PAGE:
Investment Institute
Fixed Income

Why consider inflation-linked bonds in a stabilising rates environment

  • 21 November 2023 (5 min read)

Key points:

  • While rates are expected to stabilise, inflation remains historically high and above central banks’ 2% target.
  • Why investors may want to re-evaluate their inflation-linked bond allocation.
  • What inflation-linked bonds offer in this market environment.

Softer economic data and hawkish messages from central banks have led markets to expect a pause in rate hikes. If rates are stabilising, what does this mean for the inflation-linked bond asset class?

Investor behaviour often means that inflation-linked bonds see strong inflows as inflation takes off and then sharp outflows when nearing the peak regardless of what the inflation level is. This current inflationary cycle has been no different and investors began moving away from inflation-linked bonds towards the end of 2022 as the headline inflation peak was anticipated. This trend continues today. The challenge for investors, however, is that inflation is still high even by historic standards. Despite the lower-than-expected outcomes for inflation in October, core inflation remains elevated. Alongside this, any measure is still above central banks’ 2% target with growth data not yet weak enough to realistically expect inflation to fall back to this target level.

 Inflation is sticky and we expect it may be a problem for the next decade. Factors that might see inflation remaining sticky such as the green revolution, the recent “onshoring” trend and budget deficit concerns mean inflation levels could remain volatile for the foreseeable future. 

Nevertheless, as the charts below shows, economists are still projecting a return to around the 2% target levels by the end of 2024 and inflation to remain above pre-covid levels particularly in the Euro Area

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Source: AXA, Bloomberg as of September 2023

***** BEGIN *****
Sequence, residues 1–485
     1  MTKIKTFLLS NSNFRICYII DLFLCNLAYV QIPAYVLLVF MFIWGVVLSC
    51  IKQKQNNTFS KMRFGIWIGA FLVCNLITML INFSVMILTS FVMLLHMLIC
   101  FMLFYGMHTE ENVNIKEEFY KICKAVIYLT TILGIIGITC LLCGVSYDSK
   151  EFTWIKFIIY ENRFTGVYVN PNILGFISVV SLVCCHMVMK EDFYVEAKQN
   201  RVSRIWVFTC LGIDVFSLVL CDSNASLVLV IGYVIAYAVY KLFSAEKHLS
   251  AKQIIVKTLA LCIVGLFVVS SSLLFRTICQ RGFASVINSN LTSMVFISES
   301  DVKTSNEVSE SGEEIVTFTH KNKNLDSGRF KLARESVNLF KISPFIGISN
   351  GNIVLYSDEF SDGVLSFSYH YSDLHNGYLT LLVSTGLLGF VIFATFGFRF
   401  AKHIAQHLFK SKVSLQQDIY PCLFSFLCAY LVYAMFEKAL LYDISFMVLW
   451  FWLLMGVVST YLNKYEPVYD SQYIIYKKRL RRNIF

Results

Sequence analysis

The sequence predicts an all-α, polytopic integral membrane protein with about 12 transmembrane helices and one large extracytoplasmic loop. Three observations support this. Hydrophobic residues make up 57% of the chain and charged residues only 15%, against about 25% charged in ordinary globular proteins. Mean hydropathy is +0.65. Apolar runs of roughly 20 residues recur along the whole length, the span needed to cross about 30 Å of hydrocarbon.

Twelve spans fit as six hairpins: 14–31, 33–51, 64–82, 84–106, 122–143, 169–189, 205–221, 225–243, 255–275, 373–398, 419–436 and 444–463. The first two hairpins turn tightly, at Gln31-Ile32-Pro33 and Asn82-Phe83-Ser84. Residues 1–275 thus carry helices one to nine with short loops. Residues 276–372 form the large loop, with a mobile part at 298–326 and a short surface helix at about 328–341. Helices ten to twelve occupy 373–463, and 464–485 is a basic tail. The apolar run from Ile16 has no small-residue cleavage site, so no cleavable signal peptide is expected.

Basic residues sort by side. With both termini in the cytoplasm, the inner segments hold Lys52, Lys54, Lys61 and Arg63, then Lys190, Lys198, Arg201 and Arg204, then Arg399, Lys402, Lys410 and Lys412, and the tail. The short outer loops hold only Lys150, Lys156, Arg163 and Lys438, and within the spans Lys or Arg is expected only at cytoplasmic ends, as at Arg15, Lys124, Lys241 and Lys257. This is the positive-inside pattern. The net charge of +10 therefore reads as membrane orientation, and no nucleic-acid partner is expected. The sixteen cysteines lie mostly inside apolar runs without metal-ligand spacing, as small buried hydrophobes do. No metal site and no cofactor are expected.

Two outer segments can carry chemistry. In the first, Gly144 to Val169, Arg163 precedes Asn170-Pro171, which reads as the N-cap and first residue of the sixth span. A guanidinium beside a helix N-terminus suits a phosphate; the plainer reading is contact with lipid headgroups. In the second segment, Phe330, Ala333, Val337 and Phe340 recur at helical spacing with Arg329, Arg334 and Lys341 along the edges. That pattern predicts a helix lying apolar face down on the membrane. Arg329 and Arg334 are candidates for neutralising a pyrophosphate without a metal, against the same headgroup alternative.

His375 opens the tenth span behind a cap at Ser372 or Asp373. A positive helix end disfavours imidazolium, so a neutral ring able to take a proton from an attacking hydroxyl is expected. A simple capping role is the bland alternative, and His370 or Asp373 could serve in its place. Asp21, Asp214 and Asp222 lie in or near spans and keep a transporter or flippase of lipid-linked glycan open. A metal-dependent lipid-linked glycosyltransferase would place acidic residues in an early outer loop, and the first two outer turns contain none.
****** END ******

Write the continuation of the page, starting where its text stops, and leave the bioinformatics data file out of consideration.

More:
Added to this, market-based inflation expectations for next year are very close to 2%, well below the economists’ and central banks’ forecasts.  As the chart below shows, long term inflation breakevens suggest that the market is pricing future inflation at similar levels to those seen between 2010 and 2013.

USD, GBP and EUR Swap rates

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Source: AXA IM, Bloomberg as at 17th November 2023 

Market conditions offering opportunities

The yield curve remains inverted and this has, historically, been followed by a yield rally: market signals are making a stronger case for duration than we’ve seen for a while. Considering this expectation of a duration rally once core inflation turns, adding duration as core inflation rolls over may be an interesting opportunity.  

When inflation moderates, inflation breakevens tend to go down as it has been the case in the past month. This combination of elevated levels of real yields and moderate level of breakevens is where we see opportunities. Inflation-linked bonds’ average real yields are currently at their highest average level since 2009-2010 but they are positive suggesting that investors can lock-in an above inflation income.  

Global Inflation Average Real Yields

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Source: AXA IM, Bloomberg as of 17 November 2023

We believe that the combination of this with the market complacency towards future inflation risks suggests that inflation-linked bond investors may be able to lock-in positive real yields at their highest level post Lehman while getting exposure to inflation breakevens, (effectively a form of insurance premium against future inflation) at historically attractive levels.

With inflation likely to be volatile for the foreseeable future, inflation-linked bonds may be a useful tool for investors because they should provide resilience against sticky inflation. As all inflation-linked bonds cashflows are also indexed to inflation, and their issuers are often highly rated sovereigns, investing in inflation-linked bonds may be used as part of an investor’s capital preservation strategy.

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